Employer tuition reimbursement

An advanced degree can transform your career, but the costs can be significant. Here’s the good news: your employer may be able to help with your education expenses. Companies are increasingly investing in continuing education to engage and upskill their employees. 

A 2018 report by the Society for Human Resource Management (SHRM) showed that 51 percent of employers offer undergraduate-level educational assistance benefits and 49 percent for graduate-level. 

Here are some tips for getting education support from your employer:

Find out if your company offers education reimbursement programs. 

Check the employee handbook, or set up a quick meeting with HR to understand your options. Some employers offer funding for professional certifications and college courses, but not a university degree. Others offer partial compensation by setting caps or limitations on the amount of funding.

Qualifying companies can also take advantage of tax benefits by offering tuition reimbursement. Does your company have partnerships with any universities? 

Pick the right time to ask and the right program

Asking at the right time can increase your chances of success. What’s the financial outlook of the company? Is your manager working on a particularly stressful project? Be considerate of the circumstances and make your request with the best possible timing.

Pick a program that is accredited and relevant to your role. Discuss the curriculum and specific courses to highlight how they offer tangible benefits.

Provide a complete cost breakdown

You should know exactly what the program will cost. Break down the expenses for your manager, and explain how much financial assistance you require.

Show how it benefits the company

Investing in employee education can have a positive impact on the company’s bottom line. Employers paid around $600 billion in turnover costs in 2018—and it’s expected to increase to $680 billion in 2020. However, organizations have opportunities to find more sustainable paths forward. In fact, it’s estimated that 77% of turnover is preventable.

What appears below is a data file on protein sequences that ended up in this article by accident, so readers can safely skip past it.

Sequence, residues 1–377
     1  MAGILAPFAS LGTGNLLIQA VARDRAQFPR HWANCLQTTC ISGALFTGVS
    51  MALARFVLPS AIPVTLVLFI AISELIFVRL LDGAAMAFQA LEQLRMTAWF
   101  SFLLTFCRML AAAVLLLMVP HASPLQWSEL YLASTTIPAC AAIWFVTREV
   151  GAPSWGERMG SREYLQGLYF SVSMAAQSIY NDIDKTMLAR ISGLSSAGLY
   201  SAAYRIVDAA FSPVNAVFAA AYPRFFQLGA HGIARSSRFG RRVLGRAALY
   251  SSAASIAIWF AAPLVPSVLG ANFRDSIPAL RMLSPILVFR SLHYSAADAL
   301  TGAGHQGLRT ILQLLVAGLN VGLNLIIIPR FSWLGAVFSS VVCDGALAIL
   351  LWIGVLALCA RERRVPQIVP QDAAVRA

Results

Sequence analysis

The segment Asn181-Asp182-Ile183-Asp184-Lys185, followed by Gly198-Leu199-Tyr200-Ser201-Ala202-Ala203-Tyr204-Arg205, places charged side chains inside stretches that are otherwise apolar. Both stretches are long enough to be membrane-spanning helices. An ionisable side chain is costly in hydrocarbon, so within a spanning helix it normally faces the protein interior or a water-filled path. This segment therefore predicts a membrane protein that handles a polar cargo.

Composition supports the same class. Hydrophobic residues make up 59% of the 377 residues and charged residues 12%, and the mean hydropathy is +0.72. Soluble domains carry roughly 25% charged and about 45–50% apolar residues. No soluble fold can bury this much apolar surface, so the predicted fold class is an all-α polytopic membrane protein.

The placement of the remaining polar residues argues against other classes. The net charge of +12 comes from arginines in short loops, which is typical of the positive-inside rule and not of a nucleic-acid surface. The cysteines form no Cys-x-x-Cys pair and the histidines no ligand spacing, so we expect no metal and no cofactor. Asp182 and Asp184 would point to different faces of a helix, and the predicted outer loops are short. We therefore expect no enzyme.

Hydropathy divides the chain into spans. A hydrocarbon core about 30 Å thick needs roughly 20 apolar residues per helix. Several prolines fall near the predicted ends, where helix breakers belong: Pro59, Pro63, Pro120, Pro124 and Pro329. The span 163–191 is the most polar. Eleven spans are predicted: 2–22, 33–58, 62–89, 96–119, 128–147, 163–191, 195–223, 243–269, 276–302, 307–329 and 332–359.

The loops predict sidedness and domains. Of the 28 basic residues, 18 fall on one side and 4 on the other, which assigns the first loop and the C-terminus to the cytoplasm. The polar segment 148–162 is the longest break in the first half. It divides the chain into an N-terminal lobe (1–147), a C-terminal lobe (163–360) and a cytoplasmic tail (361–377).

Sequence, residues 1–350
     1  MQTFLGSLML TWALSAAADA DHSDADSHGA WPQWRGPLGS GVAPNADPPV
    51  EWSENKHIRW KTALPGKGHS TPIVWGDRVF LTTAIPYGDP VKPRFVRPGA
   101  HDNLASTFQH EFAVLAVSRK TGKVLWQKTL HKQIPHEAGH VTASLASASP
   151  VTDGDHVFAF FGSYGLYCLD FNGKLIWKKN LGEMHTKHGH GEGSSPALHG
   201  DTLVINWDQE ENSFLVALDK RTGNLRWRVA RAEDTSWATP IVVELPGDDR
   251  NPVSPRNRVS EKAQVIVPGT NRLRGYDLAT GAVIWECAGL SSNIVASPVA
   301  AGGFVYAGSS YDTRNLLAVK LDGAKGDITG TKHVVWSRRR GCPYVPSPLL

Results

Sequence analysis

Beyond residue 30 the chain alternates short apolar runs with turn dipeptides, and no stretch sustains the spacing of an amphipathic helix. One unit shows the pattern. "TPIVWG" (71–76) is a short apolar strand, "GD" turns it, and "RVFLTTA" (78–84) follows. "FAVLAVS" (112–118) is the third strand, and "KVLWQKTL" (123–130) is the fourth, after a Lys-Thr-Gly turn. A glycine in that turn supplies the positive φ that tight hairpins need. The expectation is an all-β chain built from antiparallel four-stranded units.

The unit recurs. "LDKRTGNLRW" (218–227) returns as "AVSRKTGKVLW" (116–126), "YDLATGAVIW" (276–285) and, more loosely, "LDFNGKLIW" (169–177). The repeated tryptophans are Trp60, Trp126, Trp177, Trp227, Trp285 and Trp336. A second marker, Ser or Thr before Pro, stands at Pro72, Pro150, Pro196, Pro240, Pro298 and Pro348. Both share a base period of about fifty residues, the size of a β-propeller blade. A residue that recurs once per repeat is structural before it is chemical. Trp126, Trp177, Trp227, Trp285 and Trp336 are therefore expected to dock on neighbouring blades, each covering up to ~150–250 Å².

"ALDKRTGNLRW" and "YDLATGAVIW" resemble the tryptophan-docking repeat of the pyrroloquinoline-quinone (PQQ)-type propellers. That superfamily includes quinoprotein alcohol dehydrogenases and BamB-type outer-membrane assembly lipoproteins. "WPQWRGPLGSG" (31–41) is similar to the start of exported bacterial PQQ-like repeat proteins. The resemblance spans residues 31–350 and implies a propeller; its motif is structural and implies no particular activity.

Employee education initiatives offer a way for companies to both support their employees and improve retention. To successfully make your case for receiving funding, explain how your enhanced skills will allow you to take on new projects. Detail the ways that you will use your knowledge to improve performance, and how you’ll bring fresh ideas and approaches that can increase savings or generate new revenue options.

Present yourself in a positive light

Give details about your accomplishments and contributions to the company. Use specific examples and hard data, if possible. Emphasize that by investing in your personal growth, the company will cultivate a loyal and engaged employee. You will, in turn, invest back in the company.         

Address productivity concerns

Your manager will likely be concerned about your productivity. Pick a program that will work well with your office schedule. Online programs reduce classroom time and offer a flexible schedule that allows you to work at your own pace and time. Provide specific details about how you plan to balance your workload.  

Prove your commitment

Some companies require a grade point average to ensure continued funding. If you discontinue the program, or fail to complete it within an agreed-upon period of time, your employer may require you to pay them back. Make sure you are fully committed to the program. Offer to provide monthly updates of your learning and progress.

Demonstrate your loyalty

Many companies require you to sign a contract that you will not resign after completing the degree. Before signing a contract, make sure you feel good about the terms and conditions. Keep your end of the bargain and the result will be a win-win situation for you and the company.

Back to main page